Arts and Culture

David Gregory’s Jewish book plans

David Gregory attends NBC News Education Nation Job One Panel Discussion at Georgia Aquarium on May 7, 2012 in Atlanta. (Moses Robinson/Getty Images for NBCUniversal)
David Gregory attends NBC News Education Nation Job One Panel Discussion at Georgia Aquarium on May 7, 2012 in Atlanta. (Moses Robinson/Getty Images for NBCUniversal)

LOS ANGELES (JTA) — David Gregory was just sacked as host of “Meet the Press” in public and humiliating fashion. And like so many before him, he will seek respite from the suffering of worldly scorn in the consolation of religion.
This isn’t to say that Gregory will be retreating to a cave in the desert — on the contrary, according to Politico Playbook, Washington’s online political gossip sheet, Gregory is available, through the Leading Authorities speakers bureau, “to speak to associations and companies” about “the political landscape, the White House, Congress, the 2014 elections, and what’s ahead for 2016.” (In other words, what he used to speak about on “Meet the Press” before he was fired.)
Rather, Politico Playbook brings us the news that Gregory is writing a book about “his Jewish faith.”
That Jewish faith is an important part of his Beltway persona — Gregory studies Torah with David Brooks, Jeffrey Goldberg and Martin Indyk; he attends D.C.’s Temple Micah alongside Democratic Leadership Committee founder Al From; and his life as a Jew was even profiled in The Daily Beast, where he confided that his faith helps him “to work with more compassion and empathy” and “gives me a sense of perspective.”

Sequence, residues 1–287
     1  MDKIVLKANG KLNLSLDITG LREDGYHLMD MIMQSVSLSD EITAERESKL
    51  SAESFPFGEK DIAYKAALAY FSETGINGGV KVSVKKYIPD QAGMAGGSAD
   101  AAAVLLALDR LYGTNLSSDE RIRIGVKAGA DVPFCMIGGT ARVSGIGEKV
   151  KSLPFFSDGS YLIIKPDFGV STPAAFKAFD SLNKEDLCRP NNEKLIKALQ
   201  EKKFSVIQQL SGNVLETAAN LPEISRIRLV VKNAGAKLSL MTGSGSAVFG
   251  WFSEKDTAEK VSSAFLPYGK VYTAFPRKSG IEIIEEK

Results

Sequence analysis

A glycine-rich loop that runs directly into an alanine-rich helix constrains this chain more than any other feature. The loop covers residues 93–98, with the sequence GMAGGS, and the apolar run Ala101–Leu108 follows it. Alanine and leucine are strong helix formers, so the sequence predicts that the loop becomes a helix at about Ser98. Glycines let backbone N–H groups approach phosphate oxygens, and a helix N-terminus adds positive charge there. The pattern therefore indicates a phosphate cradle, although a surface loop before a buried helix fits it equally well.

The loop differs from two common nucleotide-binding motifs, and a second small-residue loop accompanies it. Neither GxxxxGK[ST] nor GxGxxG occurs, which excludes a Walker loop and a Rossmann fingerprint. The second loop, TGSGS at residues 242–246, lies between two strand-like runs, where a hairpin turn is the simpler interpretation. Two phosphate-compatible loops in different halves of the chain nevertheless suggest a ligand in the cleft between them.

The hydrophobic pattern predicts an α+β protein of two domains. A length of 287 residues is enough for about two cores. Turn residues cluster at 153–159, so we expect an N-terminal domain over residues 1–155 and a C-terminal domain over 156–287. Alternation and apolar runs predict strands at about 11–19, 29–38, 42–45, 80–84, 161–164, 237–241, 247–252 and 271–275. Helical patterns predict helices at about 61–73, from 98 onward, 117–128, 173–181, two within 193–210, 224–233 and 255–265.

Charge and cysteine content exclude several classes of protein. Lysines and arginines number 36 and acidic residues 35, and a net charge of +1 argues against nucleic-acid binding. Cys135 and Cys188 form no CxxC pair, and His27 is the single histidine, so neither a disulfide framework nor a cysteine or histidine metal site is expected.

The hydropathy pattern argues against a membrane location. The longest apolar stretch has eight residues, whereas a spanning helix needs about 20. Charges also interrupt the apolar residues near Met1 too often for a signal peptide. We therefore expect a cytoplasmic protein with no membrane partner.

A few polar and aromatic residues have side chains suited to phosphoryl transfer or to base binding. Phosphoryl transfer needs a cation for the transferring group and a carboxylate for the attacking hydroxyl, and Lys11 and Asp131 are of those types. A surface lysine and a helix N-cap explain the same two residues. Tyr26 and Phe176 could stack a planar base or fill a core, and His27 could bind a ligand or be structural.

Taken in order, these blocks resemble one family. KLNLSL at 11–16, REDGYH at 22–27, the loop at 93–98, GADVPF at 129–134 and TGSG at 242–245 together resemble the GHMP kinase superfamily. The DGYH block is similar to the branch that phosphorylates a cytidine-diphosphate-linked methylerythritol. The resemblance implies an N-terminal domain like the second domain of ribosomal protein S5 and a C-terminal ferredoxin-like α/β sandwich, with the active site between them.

That sense of perspective will be useful as Gregory recovers from a rocky tenure on “Meet the Press,” which was characterized by plunging ratings, brutal reviews and a report that NBC had hired a “psychological consultant” to diagnose what ailed the show. (NBC argued that the consultant was a “brand consultant.”) Of course, one part of that perspective might be that Gregory helmed the show as ratings have faded for Sunday shows generally, and as they have become less culturally relevant amid the decline of the major networks and the rise of alternative news sources (as well as persistent criticism that the Sunday shows are more hospitable to conservatives and Republicans than liberals and Democrats). Another might be that Gregory was dealt a losing hand by stepping in after the sudden death of Tim Russert, master of the hardball interview.
Gregory’s perspective may be aided as well by the reported $4 million severance that NBC is said to be shelling out for canning him before the end of his contract.
His book on Judaism may perhaps draw quibbles from those traditionalists who will argue that he is not technically Jewish, given that he was born to a Jewish father and a non-Jewish mother. Those same quibblers will also likely argue that his three children are likewise not Jewish, given that Gregory’s wife, Beth Wilkinson, is not of the Tribe. (He will probably not encounter any such quibblers at his shul, however, which is Reform and therefore recognizes Jewish lineage through the maternal line and/or paternal line.)
Given what he has been through for the last six years on “Meet the Press,” any such quibbles would likely be the least of Gregory’s problems.
As for “Meet the Press,” it will not lack for yiddishkeit: Gregory’s replacement, Chuck Todd, also is a Reform Jew, the son of a Jewish mother and non-Jewish father. Interestingly, Todd had succeeded Gregory as NBC’s White House correspondent when Gregory was promoted to the “Meet the Press” gig. Does this mean that in a few short years, Todd also will be penning a book on his Jewish faith?
Stay tuned.